ISSN: 2581-5288
Journal of Gynecological Research and Obstetrics
Mini Review       Open Access      Peer-Reviewed

Gastric-type endocervical adenocarcinoma: Review of clinicopathologic characteristics and recent advances

Michelle Lin1, Kyu-Rae Kim2 and Jae Ro1*

1Department of Pathology and Genomic Medicine, Houston Methodist Hospital, Houston, TX, USA
2Department of Pathology, Asan Medical Center, University of Ulsan College of Medicine, Seoul, South Korea
*Corresponding author: Jae Ro, MD PhD, Department of Pathology and Genomic Medicine, Houston Methodist Hospital, 6565 Fannin St M227, Houston, TX 77005, USA, Tel: 713-441-2263; E-mail:
Received: 25 September, 2020 | Accepted: 07 October, 2020 | Published: 08 October, 2020
Keywords: Cervical cancer; Endocervical adenocarcinoma; Gastric-type; Minimal deviation adenocarcinoma; Non-HPV associated

Cite this as

Lin M, Kim KR, Ro J (2020) Gastric-type endocervical adenocarcinoma: Review of clinicopathologic characteristics and recent advances. J Gynecol Res Obstet 6(3): 072-075. DOI: 10.17352/jgro.000091

Background: Gastric-type endocervical adenocarcinoma (ECAC) represents a unique variant of endocervical adenocarcinoma that is distinguished by lack of HPV association and an aggressive clinical course with unfavorable prognosis. In this review, we will discuss the clinical and pathologic aspects of gastric-type ECAC, as well as recently described molecular alterations which may be harnessed in future diagnostic and therapeutic strategies.

Results: Clinically, gastric-type ECAC tends to present at an advanced stage with higher rates of extrauterine spread and distant metastasis. Microscopically, gastric-type ECAC is characteristically composed of cells with abundant clear to eosinophilic vacuolated cytoplasm with distinct cell borders, and may demonstrate deceptively benign-appearing morphology. The prognosis of gastric-type ECAC is poor compared to other subtypes of ECAC, as it tends to present with advanced disease and show resistance to conventional chemoradiation therapy. Recent studies have reported a range of molecular alterations in gastric-type ECAC which may have implications in future treatment, including CDKN2A, BRCA2, ERBB2, PIK3CA, ARID1A, and NTRK1/NTRK3 mutations.

Conclusions: Gastric-type ECAC is a relatively recently defined subtype of ECAC with an array of clinical and pathological characteristics that distinguish it from other subtypes of ECAC. As this entity continues to pose difficulties in diagnosis and treatment for pathologists and clinicians alike, continued future investigation is crucial to further our understanding and optimize management of this disease.


Gastric-type endocervical adenocarcinoma (ECAC) is a relatively recently characterized subtype of ECAC, defined by its morphologic similarity to gastric pyloric glands and immunophenotypic expression of gastric-type mucin. First recognized and described by Kojima, et al. in 2007, it was added to the WHO classification of tumors in 2014 as a variant of mucinous ECAC, and encompassing Minimal Deviation Adenocarcinoma (MDA) as an extremely well-differentiated form of gastric-type ECAC [1,2]. Recent studies have established gastric-type ECAC as an entity with distinct clinical and pathologic characteristics. Unlike the vast majority of ECACs, gastric-type ECAC is unrelated to high-risk HPV infection [2,3]. Furthermore, in comparison to other ECACs, gastric-type ECAC is associated with more aggressive clinical behavior and a worse prognosis [1-3]. This review will summarize the clinical and histopathologic features of gastric-type ECAC (Table 1), as well as recent advances in the molecular characterization of these tumors that may significantly impact future directions in diagnosis and treatment.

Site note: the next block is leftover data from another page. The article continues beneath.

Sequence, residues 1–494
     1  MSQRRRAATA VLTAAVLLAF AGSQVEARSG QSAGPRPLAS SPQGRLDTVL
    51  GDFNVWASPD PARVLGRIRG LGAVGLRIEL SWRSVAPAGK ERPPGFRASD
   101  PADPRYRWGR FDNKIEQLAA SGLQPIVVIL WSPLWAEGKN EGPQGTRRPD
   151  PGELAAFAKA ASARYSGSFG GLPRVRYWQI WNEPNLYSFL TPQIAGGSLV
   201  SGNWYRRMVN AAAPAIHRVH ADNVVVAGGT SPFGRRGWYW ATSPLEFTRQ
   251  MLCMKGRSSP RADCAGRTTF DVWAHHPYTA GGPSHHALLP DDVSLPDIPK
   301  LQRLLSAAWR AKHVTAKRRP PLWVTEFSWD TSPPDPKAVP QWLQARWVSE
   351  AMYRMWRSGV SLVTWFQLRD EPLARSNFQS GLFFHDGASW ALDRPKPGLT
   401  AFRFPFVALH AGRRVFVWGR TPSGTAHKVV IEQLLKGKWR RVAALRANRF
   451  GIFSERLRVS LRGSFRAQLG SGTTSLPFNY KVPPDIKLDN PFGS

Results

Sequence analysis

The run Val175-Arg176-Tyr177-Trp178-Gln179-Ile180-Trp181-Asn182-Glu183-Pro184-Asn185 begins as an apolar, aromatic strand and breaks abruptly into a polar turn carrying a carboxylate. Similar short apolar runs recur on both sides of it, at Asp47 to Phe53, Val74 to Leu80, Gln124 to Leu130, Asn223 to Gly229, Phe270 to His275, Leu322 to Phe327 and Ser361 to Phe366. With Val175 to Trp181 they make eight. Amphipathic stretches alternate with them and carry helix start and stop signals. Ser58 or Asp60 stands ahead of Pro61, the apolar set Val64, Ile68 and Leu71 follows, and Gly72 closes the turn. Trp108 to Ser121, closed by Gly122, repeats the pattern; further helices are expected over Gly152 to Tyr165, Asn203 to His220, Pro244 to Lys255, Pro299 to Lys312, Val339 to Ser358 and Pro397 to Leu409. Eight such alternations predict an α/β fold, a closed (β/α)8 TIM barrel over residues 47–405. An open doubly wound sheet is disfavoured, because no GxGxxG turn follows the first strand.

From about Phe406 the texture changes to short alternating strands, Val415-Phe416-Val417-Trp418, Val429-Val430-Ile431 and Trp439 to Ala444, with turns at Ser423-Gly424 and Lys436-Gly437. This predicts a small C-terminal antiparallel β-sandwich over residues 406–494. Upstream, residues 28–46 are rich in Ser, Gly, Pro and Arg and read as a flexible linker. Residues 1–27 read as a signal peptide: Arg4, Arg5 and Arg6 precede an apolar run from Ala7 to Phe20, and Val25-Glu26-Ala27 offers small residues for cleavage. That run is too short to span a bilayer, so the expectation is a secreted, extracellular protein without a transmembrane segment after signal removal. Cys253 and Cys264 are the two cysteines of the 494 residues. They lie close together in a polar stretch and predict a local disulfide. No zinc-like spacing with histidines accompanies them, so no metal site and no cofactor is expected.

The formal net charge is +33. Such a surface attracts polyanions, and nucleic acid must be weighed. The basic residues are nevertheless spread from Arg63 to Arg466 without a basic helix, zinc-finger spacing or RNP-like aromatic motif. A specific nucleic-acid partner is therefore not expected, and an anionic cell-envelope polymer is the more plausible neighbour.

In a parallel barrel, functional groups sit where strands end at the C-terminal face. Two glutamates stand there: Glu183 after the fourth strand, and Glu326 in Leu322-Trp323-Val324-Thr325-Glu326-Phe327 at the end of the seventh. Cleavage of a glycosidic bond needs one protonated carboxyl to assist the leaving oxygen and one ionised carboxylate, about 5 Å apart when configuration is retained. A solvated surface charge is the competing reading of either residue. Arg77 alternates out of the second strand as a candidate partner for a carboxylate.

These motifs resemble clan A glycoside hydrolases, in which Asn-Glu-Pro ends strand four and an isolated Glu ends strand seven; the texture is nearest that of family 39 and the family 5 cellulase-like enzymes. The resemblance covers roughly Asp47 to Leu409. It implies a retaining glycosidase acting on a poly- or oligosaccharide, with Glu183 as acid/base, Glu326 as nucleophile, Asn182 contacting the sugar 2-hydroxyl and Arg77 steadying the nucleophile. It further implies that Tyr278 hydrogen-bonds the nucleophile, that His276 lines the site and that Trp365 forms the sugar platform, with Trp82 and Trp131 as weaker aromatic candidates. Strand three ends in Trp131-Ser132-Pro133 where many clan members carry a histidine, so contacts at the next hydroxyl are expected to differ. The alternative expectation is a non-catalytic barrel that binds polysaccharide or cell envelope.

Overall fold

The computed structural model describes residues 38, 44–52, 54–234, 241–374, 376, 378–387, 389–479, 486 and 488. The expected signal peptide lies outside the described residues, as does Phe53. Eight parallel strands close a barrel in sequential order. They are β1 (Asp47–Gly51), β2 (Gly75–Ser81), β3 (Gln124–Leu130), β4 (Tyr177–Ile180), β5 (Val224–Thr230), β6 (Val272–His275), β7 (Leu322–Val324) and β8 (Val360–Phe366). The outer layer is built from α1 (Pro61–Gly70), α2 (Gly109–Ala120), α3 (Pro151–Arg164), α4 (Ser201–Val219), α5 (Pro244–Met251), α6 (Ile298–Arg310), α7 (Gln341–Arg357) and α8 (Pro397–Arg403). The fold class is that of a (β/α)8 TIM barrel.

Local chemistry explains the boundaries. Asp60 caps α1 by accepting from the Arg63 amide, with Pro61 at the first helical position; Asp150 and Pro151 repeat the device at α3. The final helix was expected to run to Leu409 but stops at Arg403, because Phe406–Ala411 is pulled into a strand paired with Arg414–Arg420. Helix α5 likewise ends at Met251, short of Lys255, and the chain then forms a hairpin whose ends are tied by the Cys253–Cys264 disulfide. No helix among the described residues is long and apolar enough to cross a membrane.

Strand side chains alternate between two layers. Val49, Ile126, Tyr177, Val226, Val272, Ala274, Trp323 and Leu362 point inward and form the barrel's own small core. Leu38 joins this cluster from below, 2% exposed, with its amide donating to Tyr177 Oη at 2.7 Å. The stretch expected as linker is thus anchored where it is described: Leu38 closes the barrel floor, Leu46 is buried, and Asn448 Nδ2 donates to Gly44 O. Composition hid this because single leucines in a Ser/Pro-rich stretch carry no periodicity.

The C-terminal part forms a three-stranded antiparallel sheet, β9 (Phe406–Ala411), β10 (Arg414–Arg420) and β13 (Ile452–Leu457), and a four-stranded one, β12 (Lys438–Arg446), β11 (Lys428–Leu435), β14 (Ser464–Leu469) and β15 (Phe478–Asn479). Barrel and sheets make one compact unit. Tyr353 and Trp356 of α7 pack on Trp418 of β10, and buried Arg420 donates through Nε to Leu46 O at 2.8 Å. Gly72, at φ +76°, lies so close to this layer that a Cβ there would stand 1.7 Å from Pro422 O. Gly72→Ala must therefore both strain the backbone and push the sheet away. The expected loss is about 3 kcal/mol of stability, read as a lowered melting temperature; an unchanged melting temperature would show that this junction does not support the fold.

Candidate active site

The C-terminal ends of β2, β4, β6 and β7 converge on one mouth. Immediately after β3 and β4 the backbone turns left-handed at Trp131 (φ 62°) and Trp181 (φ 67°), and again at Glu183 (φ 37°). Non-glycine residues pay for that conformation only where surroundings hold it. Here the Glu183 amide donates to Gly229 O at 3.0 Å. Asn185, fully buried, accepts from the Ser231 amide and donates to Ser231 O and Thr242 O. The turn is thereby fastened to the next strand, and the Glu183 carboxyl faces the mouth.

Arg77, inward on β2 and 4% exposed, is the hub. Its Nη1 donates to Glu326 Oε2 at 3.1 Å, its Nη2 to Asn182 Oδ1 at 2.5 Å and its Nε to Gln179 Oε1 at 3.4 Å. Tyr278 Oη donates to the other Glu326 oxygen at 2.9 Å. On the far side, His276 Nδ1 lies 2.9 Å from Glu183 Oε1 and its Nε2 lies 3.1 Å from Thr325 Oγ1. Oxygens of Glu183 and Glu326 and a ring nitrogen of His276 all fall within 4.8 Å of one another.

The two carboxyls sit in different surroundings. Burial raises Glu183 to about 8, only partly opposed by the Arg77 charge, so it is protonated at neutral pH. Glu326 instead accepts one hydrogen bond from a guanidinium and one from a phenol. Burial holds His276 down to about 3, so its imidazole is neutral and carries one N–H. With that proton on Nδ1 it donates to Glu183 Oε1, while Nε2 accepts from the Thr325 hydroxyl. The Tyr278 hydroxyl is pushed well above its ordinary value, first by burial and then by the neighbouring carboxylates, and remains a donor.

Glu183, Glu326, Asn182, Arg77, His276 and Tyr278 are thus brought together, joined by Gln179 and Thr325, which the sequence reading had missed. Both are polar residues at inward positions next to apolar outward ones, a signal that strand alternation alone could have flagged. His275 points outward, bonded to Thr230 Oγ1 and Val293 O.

Clinical features

Gastric-type ECAC has been found to represent the second most common subtype of ECAC after usual-type ECAC, comprising approximately 10% of cases worldwide [4]. Although relatively rare in Western countries, it accounts for up to 25% of cases in Japan [2,4]. The mean age of presentation is approximately 50-55 years (approximately one decade older than patients with usual-type ECAC) [2]. Patients may present with abnormal bleeding, watery vaginal discharge, abdominal discomfort, or may be asymptomatic [2,5,6]. Cases may also be detected through cervicovaginal cytologic screening, although the sensitivity, particularly in well-differentiated cases, is not high [5,6]. Gastric-type ECAC has a well-documented association with Peutz-Jeghers syndrome, which is caused by a germline mutation in the STK11 gene on chromosome 19 and also leads to hamartomatous gastrointestinal polyps and increased risk of several types of cancers [2]. Macroscopically, gastric-type ECAC tends to arise from the upper endocervix and form an ill-defined infiltrative mass causing a bulky or “barrel-shaped” cervix (Figure 1), in contrast to usual-type ECAC, which arises from the transformation zone and usually presents as a well-defined mass [7,8]. In addition, gastric-type ECAC often presents at a more advanced stage than other subtypes, with deeper cervical stromal invasion and higher incidence of parametrial and vaginal extension, involvement of other abdominopelvic organs, and metastasis to lymph nodes and distant sites [8,9].

Histopathologic features